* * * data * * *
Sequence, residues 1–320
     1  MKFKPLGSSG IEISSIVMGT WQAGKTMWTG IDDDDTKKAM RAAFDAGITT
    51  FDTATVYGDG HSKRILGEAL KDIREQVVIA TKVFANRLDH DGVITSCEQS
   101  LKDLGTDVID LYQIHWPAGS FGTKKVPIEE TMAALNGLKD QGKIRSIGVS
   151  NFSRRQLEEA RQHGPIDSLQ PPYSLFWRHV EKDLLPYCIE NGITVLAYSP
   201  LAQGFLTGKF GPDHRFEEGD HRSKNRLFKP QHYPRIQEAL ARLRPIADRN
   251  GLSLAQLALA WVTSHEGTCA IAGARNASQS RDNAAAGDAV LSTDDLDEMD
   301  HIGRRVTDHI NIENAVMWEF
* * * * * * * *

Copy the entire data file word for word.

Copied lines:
Sequence, residues 1–320
     1  MKFKPLGSSG IEISSIVMGT WQAGKTMWTG IDDDDTKKAM RAAFDAGITT
    51  FDTATVYGDG HSKRILGEAL KDIREQVVIA TKVFANRLDH DGVITSCEQS
   101  LKDLGTDVID LYQIHWPAGS FGTKKVPIEE TMAALNGLKD QGKIRSIGVS
   151  NFSRRQLEEA RQHGPIDSLQ PPYSLFWRHV EKDLLPYCIE NGITVLAYSP
   201  LAQGFLTGKF GPDHRFEEGD HRSKNRLFKP QHYPRIQEAL ARLRPIADRN
   251  GLSLAQLALA WVTSHEGTCA IAGARNASQS RDNAAAGDAV LSTDDLDEMD
   301  HIGRRVTDHI NIENAVMWEF